On the closing morning of the publishing industry’s annual BookExpo America, the breakfast panel was, like Tuesday’s, a grab bag of giants and lesser-knowns, authors and “authors.” Jimmy Fallon read a couple of “thank-you notes” from his second collection of the signature gags, before concluding with a can’t-miss crowd-pleaser (“Thank you, Kindle, for being able to hold over 1,400 books, and never being as good as holding the real fucking thing in my hands”) and then promptly vanishing offstage. Yet wherever he escaped to was almost certainly less entertaining than watching Kirstie Alley anchor talks by Michael Chabon, Zadie Smith, and The Tender Bar author J.R. Moehringer.
A theme of sorts did emerge from the chaos. Every author sold his or her book to the assembled crowd of booksellers not so much by explaining it as by displaying a natural gift for the art of storytelling.
That would include Alley, who is either a comic genius or the queen of unintentional humor — going back to a short story she wrote in college that was meant to bleak, only to be praised by her professor as a masterful spoof. Alley led us way back through her unsentimental education, which involved reading 50 books in high school by “Mr. Cliff” and only one real one, A Separate Peace. This, she’d felt, qualified her to major in English literature. It didn’t; she flunked Chaucer and found a new obsession: men.
Which brings us to her memoir, The Art of Men. The book actually plays, like much of her post-Cheers career in general, on the art of self-sabotage. This is the woman, after all, who cried on Courtney Love’s shoulder over a man, only to be told, “I’ve been with every freak in Hollywood; this dude is fucked up. And you know what? You’re fucked up for being with the motherfucker.”
Alley then compared her book favorably to the publishing punch line du jour, Fifty Shades of Grey: “I’m not here to one-up another author but you know, I didn’t find it very factual. I lived with a guy for three years who made Christian Grey look like Justin Bieber. [Christian] didn’t even pee on her. He didn’t choke her or try to suffocate her … If it’s S&M you’re looking for, then you will like my book.”
Urination and domestic violence — a tough act to follow, but Michael Chabon did so gracefully. Unsurprisingly, the story he told was considerably more polished and broader in scope. Telegraph Avenue, his forthcoming novel, is partly a send-up of Berkeley, where he lives, but it’s also a sweeping and colorful story about the recent history of race in America. It also documents Chabon’s own realization that he had transformed from an idealistic kid in integrated Columbia, Maryland, into a yuppie post-boomer who had absorbed the liberal world’s subtle hypocrisy.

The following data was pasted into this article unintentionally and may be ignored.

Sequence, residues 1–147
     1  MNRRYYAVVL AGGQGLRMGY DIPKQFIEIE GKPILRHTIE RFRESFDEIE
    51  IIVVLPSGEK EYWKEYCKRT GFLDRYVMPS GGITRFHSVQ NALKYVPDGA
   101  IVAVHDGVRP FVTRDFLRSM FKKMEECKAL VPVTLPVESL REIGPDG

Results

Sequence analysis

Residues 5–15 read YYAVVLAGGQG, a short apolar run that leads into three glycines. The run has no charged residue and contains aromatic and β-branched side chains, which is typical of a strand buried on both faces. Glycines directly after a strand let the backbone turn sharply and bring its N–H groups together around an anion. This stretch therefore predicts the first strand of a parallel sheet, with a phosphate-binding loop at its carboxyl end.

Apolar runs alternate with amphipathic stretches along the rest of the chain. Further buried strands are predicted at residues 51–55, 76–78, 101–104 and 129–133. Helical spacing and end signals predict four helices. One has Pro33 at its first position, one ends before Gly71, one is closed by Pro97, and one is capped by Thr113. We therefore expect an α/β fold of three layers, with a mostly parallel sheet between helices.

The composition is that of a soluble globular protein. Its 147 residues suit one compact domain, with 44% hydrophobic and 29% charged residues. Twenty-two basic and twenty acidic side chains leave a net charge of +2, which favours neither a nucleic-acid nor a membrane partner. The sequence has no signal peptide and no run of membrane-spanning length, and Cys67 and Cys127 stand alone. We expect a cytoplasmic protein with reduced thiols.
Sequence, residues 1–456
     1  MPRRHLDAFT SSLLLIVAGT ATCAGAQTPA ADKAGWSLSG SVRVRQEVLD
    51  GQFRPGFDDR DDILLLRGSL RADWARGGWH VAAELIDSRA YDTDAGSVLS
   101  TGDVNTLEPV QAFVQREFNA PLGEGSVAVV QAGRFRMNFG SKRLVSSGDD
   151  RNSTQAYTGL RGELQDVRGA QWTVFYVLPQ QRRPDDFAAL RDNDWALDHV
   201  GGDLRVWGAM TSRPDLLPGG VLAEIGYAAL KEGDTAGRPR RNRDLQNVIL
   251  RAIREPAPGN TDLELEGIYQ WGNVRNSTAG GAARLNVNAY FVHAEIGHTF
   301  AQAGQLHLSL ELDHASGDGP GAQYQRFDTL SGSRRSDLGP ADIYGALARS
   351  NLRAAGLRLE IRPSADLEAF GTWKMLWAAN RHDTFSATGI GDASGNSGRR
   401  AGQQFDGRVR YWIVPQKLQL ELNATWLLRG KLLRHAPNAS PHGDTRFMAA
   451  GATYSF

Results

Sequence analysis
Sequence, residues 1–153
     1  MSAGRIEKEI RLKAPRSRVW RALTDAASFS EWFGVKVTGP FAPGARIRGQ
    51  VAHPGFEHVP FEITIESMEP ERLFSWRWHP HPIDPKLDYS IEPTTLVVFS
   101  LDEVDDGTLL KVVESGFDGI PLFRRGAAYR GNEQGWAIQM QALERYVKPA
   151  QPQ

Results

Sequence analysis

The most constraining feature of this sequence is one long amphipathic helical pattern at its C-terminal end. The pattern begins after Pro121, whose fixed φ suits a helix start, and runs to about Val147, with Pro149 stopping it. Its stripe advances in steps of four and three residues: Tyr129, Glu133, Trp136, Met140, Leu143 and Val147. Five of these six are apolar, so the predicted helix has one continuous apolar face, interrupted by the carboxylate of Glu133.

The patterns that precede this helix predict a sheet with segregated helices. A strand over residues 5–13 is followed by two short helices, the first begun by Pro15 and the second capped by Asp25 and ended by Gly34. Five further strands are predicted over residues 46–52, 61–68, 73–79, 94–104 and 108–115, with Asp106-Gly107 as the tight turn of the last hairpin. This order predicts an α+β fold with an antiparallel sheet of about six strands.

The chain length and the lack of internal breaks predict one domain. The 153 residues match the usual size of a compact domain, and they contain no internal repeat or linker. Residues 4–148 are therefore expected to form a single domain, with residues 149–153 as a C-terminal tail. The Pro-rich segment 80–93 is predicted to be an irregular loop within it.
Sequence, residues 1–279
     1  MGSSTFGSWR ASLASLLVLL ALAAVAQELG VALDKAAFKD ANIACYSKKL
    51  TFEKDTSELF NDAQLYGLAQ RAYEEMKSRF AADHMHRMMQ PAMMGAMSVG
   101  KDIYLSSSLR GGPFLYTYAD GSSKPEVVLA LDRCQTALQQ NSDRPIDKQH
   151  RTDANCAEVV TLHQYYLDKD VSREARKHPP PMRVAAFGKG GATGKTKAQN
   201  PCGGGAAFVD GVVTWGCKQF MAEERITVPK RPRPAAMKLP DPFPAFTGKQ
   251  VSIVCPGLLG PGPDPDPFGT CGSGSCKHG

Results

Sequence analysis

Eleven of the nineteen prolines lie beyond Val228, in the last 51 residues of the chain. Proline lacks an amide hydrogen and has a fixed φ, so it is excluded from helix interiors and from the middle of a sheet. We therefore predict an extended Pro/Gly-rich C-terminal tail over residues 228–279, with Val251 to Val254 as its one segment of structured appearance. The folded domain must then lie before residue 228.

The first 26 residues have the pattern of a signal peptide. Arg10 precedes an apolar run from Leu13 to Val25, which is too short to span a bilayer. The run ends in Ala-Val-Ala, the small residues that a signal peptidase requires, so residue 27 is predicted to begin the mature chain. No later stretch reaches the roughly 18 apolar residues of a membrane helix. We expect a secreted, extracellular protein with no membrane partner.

Zadie Smith’s new novel, NW, will also home in on a well-drawn place (in her case Northwest London), but the story she told wasn’t really about that. It was, instead, a narrative of sin and redemption. As a young literary wunderkind, she conceded, she’d behaved appallingly to the industry before which she stood. After she’d made the rounds with booksellers, feedback to her publisher included, “What an incredibly rude girl”; “unsmiling”; “disgusting attitude,” and so on. But she’s older now! “I hope for your sakes that I’m a bit better at this sort of thing than I was back then.” If she isn’t, it’s because “trying to promote your own novel is like falling in love with your own reflection.”
If her last novel, On Beauty, was an homage to EM Forster, this one owes a debt to Virginia Woolf. And it redeems a history of writing books that she feels didn’t turn out quite right. “I’ve never really been able to get the book on the page that I had in my mind,” she said, “and this time, for better or for worse, I’ve basically managed to do that.” Still, it took eight years: “I really don’t know what the fuck I’ve been doing with my time.” Maybe she hasn’t quite mastered the art of self-promotion just yet.
The most riveting story was told by the least well-known author, J.R. Moehringer. He spun a great one about the crook Willie Sutton — the one who supposedly said he robbed banks because “it’s where the money is.” Moehringer’s new novel, Sutton, fictionalizes that robber’s complicated life.
Moehringer closed with a neat metaphor not for storytelling but for the arduous process of writing a book — a process that begins in excitement, rambles through agonizing self-doubt, and ends in barely averted disaster. He noted a YouTube video currently making the rounds, about an 80-year-old woman who skydives for the first time and goes through much the same process, only with considerably higher stakes. “I don’t have Zadie’s powers of description,” he said, “so just Google it.” (Some in the audience set immediately upon their Google machines.)
The lesson Moehringer drew from the video: “Sometimes the best thing you can do is not fight it. Don’t overthink it. Just enjoy the ride.” Good advice for skydivers, writers, Kirstie Alley, and anyone attending a grab-bag breakfast panel on very little sleep.